Did Jesus demand that people believe on Him by faith only, or did He present proofs and reasons to believe? Let’s start off with this incident:
Now when John had heard in the prison the works of Christ, he sent two of his disciples, And said unto him, “Art thou he that should come, or do we look for another?”
Jesus answered and said unto them, “Go and shew John again those things which ye do hear and see: The blind receive their sight, and the lame walk, the lepers are cleansed, and the deaf hear, the dead are raised up, and the poor have the gospel preached to them” (Matthew 11:2-5).
Here, John the Baptist, thrown into jail earlier, was possibly wondering if Jesus was the Messiah. How did Jesus answer this question? Did He insist, “Just believe – that’s all you gotta do. Just believe!” No; Jesus gave him proofs to ponder. The Jews knew that when the kingdom of God would come, then the lame will walk again, the blind will see, and the deaf will hear. Jesus not only told the people, “The kingdom of heaven is at hand,” He provided proofs by the miracles that He performed that the kingdom was indeed at the very door.
When He sent His disciples to preach the same message, He gave them the same signs to perform to validate their message. “And as ye go, preach, saying, ‘The kingdom of heaven is at hand.’ Heal the sick, cleanse the lepers, raise the dead, cast out devils: freely ye have received, freely give” (Matthew 10:7-8).
The Bible does not demand blind faith for salvation. When the Jews were wondering whether Jesus was the Christ, the one God promised to send them to save them; they were not encouraging each other to simply believe, but used their reason to consider the proofs:”And many of the people believed on him, and said, ‘When Christ cometh, will he do more miracles than these which this man hath done?’ ” (John 7:31). They did not just believe, but considered His works to see if they matched up with the Scriptures.
Paul the apostle approved of the Bereans, who searched the scriptures to check out whether his ministry of the Word was accurate (Acts 17:10-12). Unfortunately, too many church-goers believe everything they hear without checking the source. God wants us to check our facts. How many people are suffering in cults because of blind faith? How many others are living half-lives because they trust the messenger with blind faith?
Matthew’s readership was comprised of the Jews who knew the scriptures. So over and over in the book of Matthew we find the phrase, “It is written.” When we read that phrase, Matthew is telling us, “that’s how we know this is the Messiah – because He fulfilled the Old Testament prophecies just as God had foretold.” Do we need proof that Jesus was God’s chosen one sent to save? Then we need to review the many passages that point irrefutably to Jesus in a Book that was already in print by the time Jesus came on the scene.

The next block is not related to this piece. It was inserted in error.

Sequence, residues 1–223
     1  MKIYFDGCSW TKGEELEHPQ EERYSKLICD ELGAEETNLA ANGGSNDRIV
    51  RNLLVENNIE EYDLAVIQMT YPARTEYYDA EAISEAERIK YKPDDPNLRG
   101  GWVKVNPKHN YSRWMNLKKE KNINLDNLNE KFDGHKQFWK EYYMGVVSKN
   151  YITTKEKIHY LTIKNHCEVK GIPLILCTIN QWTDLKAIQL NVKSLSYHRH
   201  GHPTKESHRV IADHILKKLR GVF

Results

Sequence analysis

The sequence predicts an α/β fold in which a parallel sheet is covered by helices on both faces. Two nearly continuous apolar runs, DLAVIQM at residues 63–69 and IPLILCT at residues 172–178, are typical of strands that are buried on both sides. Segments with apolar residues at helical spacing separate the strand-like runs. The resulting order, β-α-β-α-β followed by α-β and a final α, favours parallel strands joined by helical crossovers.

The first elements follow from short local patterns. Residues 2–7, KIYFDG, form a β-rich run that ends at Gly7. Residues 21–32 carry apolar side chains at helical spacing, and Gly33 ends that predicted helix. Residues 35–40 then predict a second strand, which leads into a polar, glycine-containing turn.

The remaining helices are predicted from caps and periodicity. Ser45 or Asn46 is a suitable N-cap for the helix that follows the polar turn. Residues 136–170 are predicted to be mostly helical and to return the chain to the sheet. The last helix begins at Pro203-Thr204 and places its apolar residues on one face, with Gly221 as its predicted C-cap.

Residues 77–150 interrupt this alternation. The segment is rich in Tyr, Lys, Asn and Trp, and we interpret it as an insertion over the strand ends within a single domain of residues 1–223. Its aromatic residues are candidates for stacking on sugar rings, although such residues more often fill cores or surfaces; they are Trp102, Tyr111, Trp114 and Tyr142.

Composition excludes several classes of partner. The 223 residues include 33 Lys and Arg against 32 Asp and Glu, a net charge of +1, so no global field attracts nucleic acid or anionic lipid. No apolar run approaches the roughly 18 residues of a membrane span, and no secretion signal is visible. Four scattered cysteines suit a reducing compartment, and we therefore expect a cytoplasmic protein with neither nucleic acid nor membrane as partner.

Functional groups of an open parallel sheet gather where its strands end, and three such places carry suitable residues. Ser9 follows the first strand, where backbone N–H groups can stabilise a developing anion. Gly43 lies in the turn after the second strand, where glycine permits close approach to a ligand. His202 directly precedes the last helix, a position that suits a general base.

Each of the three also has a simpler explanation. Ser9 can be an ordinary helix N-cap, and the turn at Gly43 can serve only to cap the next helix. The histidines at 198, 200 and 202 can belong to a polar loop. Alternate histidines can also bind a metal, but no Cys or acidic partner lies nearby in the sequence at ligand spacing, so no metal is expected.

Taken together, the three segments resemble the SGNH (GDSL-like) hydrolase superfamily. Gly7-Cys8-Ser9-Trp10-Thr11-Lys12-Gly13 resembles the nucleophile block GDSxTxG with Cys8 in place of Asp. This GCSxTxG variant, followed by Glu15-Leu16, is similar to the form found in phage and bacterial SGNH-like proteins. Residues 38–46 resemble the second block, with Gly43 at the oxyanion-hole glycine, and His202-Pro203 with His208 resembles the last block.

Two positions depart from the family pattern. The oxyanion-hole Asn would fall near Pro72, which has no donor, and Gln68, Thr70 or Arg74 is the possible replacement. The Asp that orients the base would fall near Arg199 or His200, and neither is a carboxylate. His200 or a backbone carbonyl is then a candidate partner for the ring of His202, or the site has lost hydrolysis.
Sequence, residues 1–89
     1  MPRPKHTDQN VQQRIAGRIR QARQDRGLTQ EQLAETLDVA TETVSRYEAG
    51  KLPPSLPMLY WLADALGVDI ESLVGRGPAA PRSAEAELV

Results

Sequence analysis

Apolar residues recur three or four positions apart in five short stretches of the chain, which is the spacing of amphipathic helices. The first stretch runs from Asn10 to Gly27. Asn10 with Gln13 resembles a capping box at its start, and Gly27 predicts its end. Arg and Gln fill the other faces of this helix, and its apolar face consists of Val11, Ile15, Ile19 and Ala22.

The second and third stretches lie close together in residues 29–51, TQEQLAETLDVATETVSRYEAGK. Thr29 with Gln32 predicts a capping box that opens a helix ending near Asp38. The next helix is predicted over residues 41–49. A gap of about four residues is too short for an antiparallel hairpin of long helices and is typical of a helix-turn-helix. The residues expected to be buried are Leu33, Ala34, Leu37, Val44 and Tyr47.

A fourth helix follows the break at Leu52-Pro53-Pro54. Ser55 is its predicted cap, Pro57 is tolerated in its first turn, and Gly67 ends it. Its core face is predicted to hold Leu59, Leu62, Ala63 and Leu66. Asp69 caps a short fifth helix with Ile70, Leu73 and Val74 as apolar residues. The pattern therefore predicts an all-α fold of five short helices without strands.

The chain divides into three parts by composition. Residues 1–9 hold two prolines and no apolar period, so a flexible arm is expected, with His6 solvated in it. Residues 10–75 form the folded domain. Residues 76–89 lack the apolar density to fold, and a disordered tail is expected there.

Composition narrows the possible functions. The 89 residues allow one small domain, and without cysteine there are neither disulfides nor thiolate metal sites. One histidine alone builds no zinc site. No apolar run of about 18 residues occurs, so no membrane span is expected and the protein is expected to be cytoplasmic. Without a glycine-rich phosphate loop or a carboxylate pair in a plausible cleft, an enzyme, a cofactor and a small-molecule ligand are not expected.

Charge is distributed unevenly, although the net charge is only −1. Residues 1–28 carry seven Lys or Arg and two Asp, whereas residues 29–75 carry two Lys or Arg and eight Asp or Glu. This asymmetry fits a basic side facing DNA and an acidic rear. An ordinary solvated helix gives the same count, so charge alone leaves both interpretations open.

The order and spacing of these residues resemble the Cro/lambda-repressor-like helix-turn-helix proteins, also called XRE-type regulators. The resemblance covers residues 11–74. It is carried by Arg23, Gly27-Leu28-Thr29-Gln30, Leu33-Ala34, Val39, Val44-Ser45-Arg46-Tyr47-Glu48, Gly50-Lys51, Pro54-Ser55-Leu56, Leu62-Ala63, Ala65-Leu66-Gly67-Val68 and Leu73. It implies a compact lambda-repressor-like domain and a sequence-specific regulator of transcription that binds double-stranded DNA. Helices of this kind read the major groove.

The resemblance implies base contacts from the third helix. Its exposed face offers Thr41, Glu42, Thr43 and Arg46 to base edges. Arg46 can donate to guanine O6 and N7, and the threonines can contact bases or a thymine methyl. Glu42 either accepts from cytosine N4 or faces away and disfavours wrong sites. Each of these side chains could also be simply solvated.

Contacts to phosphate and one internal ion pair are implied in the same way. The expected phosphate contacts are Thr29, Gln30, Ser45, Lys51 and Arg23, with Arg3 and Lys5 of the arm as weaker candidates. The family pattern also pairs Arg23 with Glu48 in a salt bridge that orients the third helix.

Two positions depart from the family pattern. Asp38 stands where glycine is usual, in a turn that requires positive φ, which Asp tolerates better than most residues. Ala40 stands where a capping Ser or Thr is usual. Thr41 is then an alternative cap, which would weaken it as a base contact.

Read again the stirring speech given by Peter in Acts 2:14-41, where he exhorted the Jews to believe on Jesus — but only after presenting them with proofs from prophetic passages. Faith on Jesus was the outcome of proofs. As a result of his proof texts, “Then they that gladly received his word were baptized: and the same day there were added [unto them] about three thousand souls” (Acts 2:41). Reason came first, then faith.
Luke relates a story in which Jesus is amazed at the faith of a centurion who calmly expected much from Jesus. How did he arrive at his faith?
Then Jesus went with them. And when he was now not far from the house, the centurion sent friends to him, saying unto him, Lord, trouble not thyself: for I am not worthy that thou shouldest enter under my roof: Wherefore neither thought I myself worthy to come unto thee: but say in a word, and my servant shall be healed. For I also am a man set under authority, having under me soldiers, and I say unto one, ‘Go,’ and he goeth; and to another, ‘Come,’ and he cometh; and to my servant, ‘Do this,’ and he doeth it.”
When Jesus heard these things, he marvelled at him, and turned him about, and said unto the people that followed him, “I say unto you, I have not found so great faith, no, not in Israel” (Luke 7:6-9).
Now consider this man’s faith. Where did he get it from? He had observed or heard of the ability of Jesus to command diseases to depart with a word, and it clicked with his own experience. It made sense to the centurion soldier that Jesus would work this way. As the soldier could command those under him to obey, even so it was reasonable that Jesus could command the illnesses to obey. This was faith – with reason based on personal experience. Thus he could relate to Jesus and trust Him.
This is one of the reasons many come to faith in Christ after hearing preaching that convicts them of sin. Some have used The Ten Commandments specifically to point out how we have fallen from God (by breaking these laws) and therefore have a terrible penalty to pay. This message resonates with many because we know that when we break a civil or criminal law, there are penalties to pay. Through messages like these, the Holy Spirit draws us faith in Christ for forgiveness.
With the Old Testament, God laid the foundation for faith in Christ. The OT gave us the prophecies of the Messiah Jesus Christ, and the stories of God interacting with men to lead us to trust in Him.
When we Christians find ourselves doubting God, we need to head back to the Scriptures; to read again the stories of Jesus, read of the integrity of a God who cannot lie, and remind ourselves afresh of the ironclad promises of our Heavenly Father. If all we have to go on is that God is faithful, then that is reason enough, a solid foundation, to believe. With the Bible, God gives us everything we need for faith and godliness.